Seton Hall took three offensive rebounds in the first half and eight in the second half. That alone can explain so much of Wednesday’s turnaround.
“You know, it was a great feeling,” Ndefo said. “We were really looking to execute our play and I felt like I was doing a good job crashing the boards the whole game. Just being in a good position and just grabbing the rebound and going back up.”
Of the comeback wins in recent Seton Hall history, Samuel said Wednesday had to rank No. 1.
“This kind of reminded me of when we beat Butler, when Sandro (Mamukelashvili) hit the game-winner,” he said. “The crowd was phenomenal, it was just loud. It felt like it was a March Madness game. When he made that bucket, it was kind of surreal.”
Seton Hall is now fifth in the Big East standings. UConn is sixth, an unthinkable midseason collapse for a team ranked No. 2 in the country four weeks ago.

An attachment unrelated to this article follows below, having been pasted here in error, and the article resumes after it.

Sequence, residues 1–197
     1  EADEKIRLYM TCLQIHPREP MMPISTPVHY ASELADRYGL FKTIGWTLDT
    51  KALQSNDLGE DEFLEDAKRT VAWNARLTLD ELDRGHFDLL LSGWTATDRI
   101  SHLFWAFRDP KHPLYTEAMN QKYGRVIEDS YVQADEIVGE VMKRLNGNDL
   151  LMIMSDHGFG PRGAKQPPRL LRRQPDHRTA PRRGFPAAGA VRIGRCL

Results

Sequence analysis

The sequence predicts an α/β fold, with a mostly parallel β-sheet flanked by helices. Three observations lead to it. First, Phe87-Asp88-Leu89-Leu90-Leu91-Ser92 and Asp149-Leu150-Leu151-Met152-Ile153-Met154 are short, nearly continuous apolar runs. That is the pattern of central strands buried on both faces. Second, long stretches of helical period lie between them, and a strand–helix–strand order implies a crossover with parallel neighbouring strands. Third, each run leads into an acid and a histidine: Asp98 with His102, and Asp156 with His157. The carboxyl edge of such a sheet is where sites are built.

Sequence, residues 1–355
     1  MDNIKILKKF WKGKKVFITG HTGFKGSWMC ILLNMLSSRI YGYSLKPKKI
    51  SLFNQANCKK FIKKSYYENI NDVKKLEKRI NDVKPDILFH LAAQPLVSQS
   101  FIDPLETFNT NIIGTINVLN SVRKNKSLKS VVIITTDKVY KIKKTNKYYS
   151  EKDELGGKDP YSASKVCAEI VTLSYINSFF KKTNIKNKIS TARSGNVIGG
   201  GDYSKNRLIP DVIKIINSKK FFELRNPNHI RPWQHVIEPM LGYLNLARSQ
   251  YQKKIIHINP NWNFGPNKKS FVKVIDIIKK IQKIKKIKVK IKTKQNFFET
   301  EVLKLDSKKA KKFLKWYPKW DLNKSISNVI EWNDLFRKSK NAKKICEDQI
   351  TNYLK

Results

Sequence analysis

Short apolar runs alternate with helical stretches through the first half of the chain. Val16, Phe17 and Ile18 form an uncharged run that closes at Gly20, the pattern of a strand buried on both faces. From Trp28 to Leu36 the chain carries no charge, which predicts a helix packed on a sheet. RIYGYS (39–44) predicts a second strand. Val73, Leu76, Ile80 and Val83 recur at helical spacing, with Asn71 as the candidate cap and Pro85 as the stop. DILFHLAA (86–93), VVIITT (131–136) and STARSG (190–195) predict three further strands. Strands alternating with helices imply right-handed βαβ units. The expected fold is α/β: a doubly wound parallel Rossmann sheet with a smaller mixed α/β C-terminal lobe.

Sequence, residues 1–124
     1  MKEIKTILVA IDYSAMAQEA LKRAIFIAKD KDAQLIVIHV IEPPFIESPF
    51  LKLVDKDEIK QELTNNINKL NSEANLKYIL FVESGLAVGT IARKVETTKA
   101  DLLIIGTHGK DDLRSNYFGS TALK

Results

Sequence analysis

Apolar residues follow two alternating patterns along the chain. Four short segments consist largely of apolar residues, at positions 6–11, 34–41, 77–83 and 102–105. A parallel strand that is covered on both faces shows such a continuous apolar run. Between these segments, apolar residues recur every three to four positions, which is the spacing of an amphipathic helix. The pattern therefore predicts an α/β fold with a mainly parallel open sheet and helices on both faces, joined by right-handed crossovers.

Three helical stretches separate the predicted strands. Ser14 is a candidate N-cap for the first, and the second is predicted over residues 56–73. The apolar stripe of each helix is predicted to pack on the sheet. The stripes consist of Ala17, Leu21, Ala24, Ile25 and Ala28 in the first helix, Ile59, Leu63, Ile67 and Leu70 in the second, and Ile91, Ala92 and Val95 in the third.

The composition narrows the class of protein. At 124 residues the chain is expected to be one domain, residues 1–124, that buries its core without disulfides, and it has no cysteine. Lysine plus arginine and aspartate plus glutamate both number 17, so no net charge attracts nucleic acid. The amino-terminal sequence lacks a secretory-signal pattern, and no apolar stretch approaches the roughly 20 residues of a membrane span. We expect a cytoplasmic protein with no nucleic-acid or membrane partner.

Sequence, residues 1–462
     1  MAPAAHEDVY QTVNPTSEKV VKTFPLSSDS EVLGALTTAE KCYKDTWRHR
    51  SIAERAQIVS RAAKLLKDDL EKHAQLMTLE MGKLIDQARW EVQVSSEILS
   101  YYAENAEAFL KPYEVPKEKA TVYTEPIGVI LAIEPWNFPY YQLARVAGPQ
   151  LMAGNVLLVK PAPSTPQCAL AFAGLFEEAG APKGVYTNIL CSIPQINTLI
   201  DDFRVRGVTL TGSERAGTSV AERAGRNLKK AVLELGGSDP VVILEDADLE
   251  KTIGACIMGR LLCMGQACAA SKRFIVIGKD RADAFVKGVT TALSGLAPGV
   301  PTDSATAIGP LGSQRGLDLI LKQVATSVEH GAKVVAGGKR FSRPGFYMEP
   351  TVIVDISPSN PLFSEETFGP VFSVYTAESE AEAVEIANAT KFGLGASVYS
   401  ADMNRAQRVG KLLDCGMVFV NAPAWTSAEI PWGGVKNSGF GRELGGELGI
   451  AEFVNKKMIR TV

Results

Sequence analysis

But this is more about the Pirates, who have all the momentum in the world entering their next game Saturday against another ranked foe, Marquette. They’ve won four straight and five of six after an ominous start to the league slate. They now have three Quad 1 wins, joining Rutgers on the road and Memphis on a neutral floor. And they’ve just witnessed what magical things can happen when their energy stays up all night. An NCAA Tournament berth is no longer out of the question.
Holloway was asked where he’d say his team’s defense is at this point in the season. Always looking for more (and rightfully so), he said it was 80 to 85 percent there in the second half – after hovering at 20 percent in the first half.
“When we come out and do what we’re supposed to do, we put ourselves in position,” Holloway said. “The second half, I thought we came out and understood the game plan better. The first half was a debacle. We just defended and scored off our defense, you know? Ball game.”